nep-res New Economics Papers
on Resource Economics
Issue of 2011‒06‒04
three papers chosen by
Maximo Rossi
Universidad de la Republica

  1. The development of the brazilian amazon region and greenhouse gases emission: a dilemma to be faced! By Imori, Denise; Guilhoto, Joaquim José Martins; David, Leticia Scretas; Gutierre, Leopoldo Millan; Waisman, Caio
  2. Incorporating Climate Uncertainty into Estimates of Climate Change Impacts, with Applications to U.S. and African Agriculture By Marshall Burke; John Dykema; David Lobell; Edward Miguel; Shanker Satyanath
  3. Distributional Impacts of Carbon Pricing: A General Equilibrium Approach with Micro-Data for Households By Sebastian Rausch; Gilbert E. Metcalf; John M. Reilly

  1. By: Imori, Denise; Guilhoto, Joaquim José Martins; David, Leticia Scretas; Gutierre, Leopoldo Millan; Waisman, Caio
    Abstract: The purpose of this work is to verify the existence of possible tradeoffs between policies direct to reduce the emissions of greenhouse gases (GHGs) with the ones direct to foster the development of the Brazilian Amazon Region, which is one of the poorest in the country. In order to achieve this goal, this paper uses an interregional input-output (I-O) model, estimated for the Brazilian economy for the year of 2004. The I-O model is used to make a comparison between the economical and the environmental relevance of each sector in the economies of the Amazon region and the rest of Brazil. This study considers the greenhouse gases emissions not only from the economic activities by itself, but, also for the more important factor of the land-use changes. This is a fact of most importance, given that in 2005, about 60% of the Brazilian GHGs emissions were due to the land-use change in its different biomes. Moreover, in the Brazilian Amazon region, especially in the last decades, the deforestation was linked mainly to economic factors than to policies conducted by the government. The results show that the sectors with the greatest importance in terms of emissions are cattle and soybean production. Also, they are also the most prominent for the region's economic development. This poses a dilemma that needs to be faced not only by Brazil, but also by the developed nations, as the burden of the reduction in the greenhouse gases emission in the Brazilian Amazon region cannot be only put on the poor population of the region!
    Keywords: Amazon Region; Greenhouse Gases; Brazil; Input-Output; Economic Development; Productive Structure; Deforestation
    JEL: O1 R1 D57 Q5
    Date: 2011
    URL: http://d.repec.org/n?u=RePEc:pra:mprapa:31132&r=res
  2. By: Marshall Burke; John Dykema; David Lobell; Edward Miguel; Shanker Satyanath
    Abstract: A growing body of economics research projects the effects of global climate change on economic outcomes. Climate scientists often criticize these articles because nearly all ignore the well-established uncertainty in future temperature and rainfall changes, and therefore appear likely to have downward biased standard errors and potentially misleading point estimates. This paper incorporates climate uncertainty into estimates of climate change impacts on U.S. agriculture. Accounting for climate uncertainty leads to a much wider range of projected impacts on agricultural profits, with the 95% confidence interval featuring drops of between 17% to 88%. An application to African agriculture yields similar results.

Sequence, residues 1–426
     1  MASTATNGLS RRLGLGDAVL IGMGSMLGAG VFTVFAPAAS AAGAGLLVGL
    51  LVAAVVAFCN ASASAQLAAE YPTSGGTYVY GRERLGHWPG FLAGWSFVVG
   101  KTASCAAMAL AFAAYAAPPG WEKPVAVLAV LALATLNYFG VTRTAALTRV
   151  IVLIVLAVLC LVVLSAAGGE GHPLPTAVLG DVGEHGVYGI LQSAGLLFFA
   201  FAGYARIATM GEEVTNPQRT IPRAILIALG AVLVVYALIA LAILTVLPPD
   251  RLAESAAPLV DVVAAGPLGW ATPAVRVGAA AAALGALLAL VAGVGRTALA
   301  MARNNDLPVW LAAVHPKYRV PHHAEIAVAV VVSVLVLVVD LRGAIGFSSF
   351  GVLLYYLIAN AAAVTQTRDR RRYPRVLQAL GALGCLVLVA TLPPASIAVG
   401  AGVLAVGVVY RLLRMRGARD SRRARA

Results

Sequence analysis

JEL: O13 Q11 Q54
    Date: 2011–05
    URL: http://d.repec.org/n?u=RePEc:nbr:nberwo:17092&r=res
  3. By: Sebastian Rausch; Gilbert E. Metcalf; John M. Reilly
    Abstract: Many policies to limit greenhouse gas emissions have at their core efforts to put a price on carbon emissions. Carbon pricing impacts households both by raising the cost of carbon intensive products and by changing factor prices. A complete analysis requires taking both effects into account. The impact of carbon pricing is determined by heterogeneity in household spending patterns across income groups as well as heterogeneity in factor income patterns across income groups. It is also affected by precise formulation of the policy (how is the revenue from carbon pricing distributed) as well as the treatment of other government policies (e.g. the treatment of transfer payments). What is often neglected in analyses of policy is the heterogeneity of impacts across households even within income or regional groups. In this paper, we incorporate 15,588 households from the U.S. Consumer and Expenditure Survey data as individual agents in a comparative-static general equilibrium framework. These households are represented within the MIT USREP model, a detailed general equilibrium model of the U.S. economy. In particular, we categorize households by full household income (factor income as well as transfer income) and apply various measures of lifetime income to distinguish households that are temporarily low-income (e.g., retired households drawing down their financial assets) from permanently low-income households. We also provide detailed within-group distributional measures of burden impacts from various policy scenarios.
    JEL: H22 Q54 Q58
    Date: 2011–05
    URL: http://d.repec.org/n?u=RePEc:nbr:nberwo:17087&r=res

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